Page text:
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Sharis Manning, et al., Individually and On Behalf of All v. Gold Belt Falcon

October 5, 2011


The opinion of the court was delivered by: Irenas , Senior District Judge:


Presently before the Court, Defendants Bionetics, Goldbelt Eagle, and Gold Belt Falcon filed this Motion to Dismiss Claims of Individuals who Failed to File or Filed Untimely Consent Forms ("Motion"), 29 U.S.C. § 216(b). (Dkt. No. 97) For the following reasons the Motion will be granted in part and denied in part.


Defendants employed Plaintiffs as Citizens on the Battlefield ("COB") role players to assist in military training exercises. On July 10, 2008, Plaintiffs filed a collective action Complaint alleging that Defendants failed to pay overtime wages in accordance with the Fair Labors Standards Act of 1938, 29 U.S.C. § 207(a). *fn1 (Dkt. No. 1) On September 29, 2010, this Court granted Plaintiffs' Motion for Conditional Certification.

See Manning v. Goldbelt Falcon, LLC , 2010 WL 3906735 (D.N.J. 2010).

Under the Fair Labor Standards Act, there are two pertinent requirements to maintain a collective action: 1) each Plaintiff must manifest his written consent, and 2) Plaintiff's attorney must file that consent with the Court. 29 U.S.C. § 216(b); see, e.g., Harkins v. Riverboat Services, Inc., 385 F.3d 1099, 1101 (7th Cir. 2004) ("[t]he statute is unambiguous: if you haven't given your written consent to join the suit, or if you have but it hasn't been filed with the court, you're not a party."). The statute provides no further guidance regarding the practicalities surrounding timing and form of the requirements.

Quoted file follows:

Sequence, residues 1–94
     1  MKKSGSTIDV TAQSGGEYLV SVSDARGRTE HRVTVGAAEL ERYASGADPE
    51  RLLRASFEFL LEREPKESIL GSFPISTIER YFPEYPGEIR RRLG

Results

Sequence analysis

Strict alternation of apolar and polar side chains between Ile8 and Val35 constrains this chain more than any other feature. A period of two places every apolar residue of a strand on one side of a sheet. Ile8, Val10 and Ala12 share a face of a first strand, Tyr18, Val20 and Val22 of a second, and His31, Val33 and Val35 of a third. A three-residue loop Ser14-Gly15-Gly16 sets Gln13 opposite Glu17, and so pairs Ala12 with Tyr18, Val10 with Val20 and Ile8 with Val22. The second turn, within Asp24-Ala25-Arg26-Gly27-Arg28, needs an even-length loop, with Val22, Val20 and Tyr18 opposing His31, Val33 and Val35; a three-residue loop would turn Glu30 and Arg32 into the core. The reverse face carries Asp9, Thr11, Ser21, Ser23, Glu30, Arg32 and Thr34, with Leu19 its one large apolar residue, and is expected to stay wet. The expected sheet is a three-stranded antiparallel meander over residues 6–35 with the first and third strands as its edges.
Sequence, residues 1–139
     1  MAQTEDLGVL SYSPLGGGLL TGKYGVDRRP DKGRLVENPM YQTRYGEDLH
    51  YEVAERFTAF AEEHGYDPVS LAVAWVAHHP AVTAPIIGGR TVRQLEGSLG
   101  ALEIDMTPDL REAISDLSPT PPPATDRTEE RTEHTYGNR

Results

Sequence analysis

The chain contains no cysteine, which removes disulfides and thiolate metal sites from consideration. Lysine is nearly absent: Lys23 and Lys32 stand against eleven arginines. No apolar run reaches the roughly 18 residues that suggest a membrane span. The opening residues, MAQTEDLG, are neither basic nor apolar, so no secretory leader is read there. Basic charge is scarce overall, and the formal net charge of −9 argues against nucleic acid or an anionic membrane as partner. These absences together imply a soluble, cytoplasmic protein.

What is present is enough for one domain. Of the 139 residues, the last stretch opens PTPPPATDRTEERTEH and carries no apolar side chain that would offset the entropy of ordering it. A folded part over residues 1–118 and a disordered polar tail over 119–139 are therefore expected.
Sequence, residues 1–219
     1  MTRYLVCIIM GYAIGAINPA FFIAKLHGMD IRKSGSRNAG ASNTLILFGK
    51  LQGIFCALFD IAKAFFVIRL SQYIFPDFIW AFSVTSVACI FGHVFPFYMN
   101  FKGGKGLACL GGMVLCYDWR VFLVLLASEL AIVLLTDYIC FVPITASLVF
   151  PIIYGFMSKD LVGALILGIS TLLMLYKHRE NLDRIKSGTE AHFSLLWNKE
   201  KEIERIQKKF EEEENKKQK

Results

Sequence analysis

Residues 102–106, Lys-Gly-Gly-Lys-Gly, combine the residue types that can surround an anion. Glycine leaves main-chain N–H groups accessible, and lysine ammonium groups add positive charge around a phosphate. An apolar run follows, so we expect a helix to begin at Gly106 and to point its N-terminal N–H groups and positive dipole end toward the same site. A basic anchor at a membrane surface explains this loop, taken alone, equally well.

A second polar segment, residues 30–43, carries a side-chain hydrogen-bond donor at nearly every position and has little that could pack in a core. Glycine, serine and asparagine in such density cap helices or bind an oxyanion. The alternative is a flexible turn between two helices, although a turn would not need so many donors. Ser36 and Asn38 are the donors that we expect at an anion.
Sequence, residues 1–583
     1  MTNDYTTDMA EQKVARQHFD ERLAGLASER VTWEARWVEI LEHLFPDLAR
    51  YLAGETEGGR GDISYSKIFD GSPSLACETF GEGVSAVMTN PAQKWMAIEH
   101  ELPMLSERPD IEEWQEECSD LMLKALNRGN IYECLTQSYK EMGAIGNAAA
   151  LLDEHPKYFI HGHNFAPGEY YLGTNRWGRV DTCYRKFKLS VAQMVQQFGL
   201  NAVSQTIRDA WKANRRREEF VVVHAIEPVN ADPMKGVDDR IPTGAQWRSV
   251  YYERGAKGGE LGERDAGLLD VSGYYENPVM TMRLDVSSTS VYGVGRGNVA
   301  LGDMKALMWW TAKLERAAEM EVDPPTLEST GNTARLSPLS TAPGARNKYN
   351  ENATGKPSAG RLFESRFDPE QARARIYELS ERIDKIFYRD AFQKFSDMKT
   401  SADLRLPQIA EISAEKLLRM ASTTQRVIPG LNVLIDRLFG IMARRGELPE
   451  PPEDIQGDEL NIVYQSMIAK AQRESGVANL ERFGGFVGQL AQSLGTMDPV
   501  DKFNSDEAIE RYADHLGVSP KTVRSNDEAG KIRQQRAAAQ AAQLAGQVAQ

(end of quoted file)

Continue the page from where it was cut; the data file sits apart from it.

To comply with the first requirement, this Court issued an Order on September 29, 2010 that granted a 120 day opt-in period for all prospective class members. (Dkt. No. 62) In an Order issued November 22, 2010, the Court settled the form of notice and the opt-in period began to run. (Dkt. No. 68) The Court approved letter that accompanied the opt-in consent form instructed prospective plaintiffs to sign, date and forward the consent form to plaintiffs' counsel within the opt-in period. ( See Dkt. No. 64, Ex. A) The parties do not dispute that the opt-in period closed on March 22, 2011. (Def.'s Br. Supp. Mot. Dismiss, 2; Pl.'s Br. Opp. Mot. Dismiss, 1)

However, this Court's Orders did not address the statute's second requirement that plaintiffs' attorney file consent with the Court. Needless to say, if the opt-in period ended March 22, 2011, the deadline for filing consent could not conceivably be the same day. *fn2 Nevertheless, Defendants argue that as of March 22, 2011, the consent of twelve Plaintiffs had not yet been filed with the Court and, as a result, they should be dismissed as parties. *fn3 (Dkt. Nos. 90-93; Def.'s Br. Supp. Mot. Dismiss, 2) These Plaintiffs can be categorized into three distinct groups.

The first group is made up of eight Plaintiffs not named in the caption. *fn4 It is undisputed that these Plaintiffs signed and dated their Court approved consent forms before the March 22 consent deadline and, in some cases, well before the deadline. *fn5 However, Plaintiffs' attorney filed the consent forms with the Court between one and six days after the opt-in period closed. (Dkt. Nos. 90-93)

In the second group, named and lead class Plaintiff Sharis Manning failed to sign a Court approved consent form altogether. However, Manning participated in a deposition and submitted a written declaration indicating knowledge of the suit on February 22, 2010. (Dkt. No. 44)

The final group is comprised of named Plaintiffs Brandon Drew, Joshua Goldberg and Chad Waters. Although Defendants deposed these Plaintiffs whom acknowledged their participation in the lawsuit, these Plaintiffs never signed written consent. (Pl.'s Br. Opp. Mot. Dismiss, 3)


The Fair Labor Standards Act provides: "No employee shall be a party plaintiff to any such action unless he gives his consent in writing to become such a party and such consent is filed in the court in which such action is brought." 29 U.S.C. § 216(b). The statute does not elaborate upon the form or timing of these two requirements.

With respect to form, courts have shown considerable flexibility as long as the signed document indicates consent to join the lawsuit. See Ketchum v. City of Vallejo , 2007 WL 4356137, *2 (E.D.Cal. 2007). In some cases, plaintiffs have been deemed to have manifested consent, although they did not submit the specific form approved by the Court. See, e.g., Mendez v. Radec, Corp. , 260 F.R.D. 38, 52 (W.D.N.Y. 2009) ...

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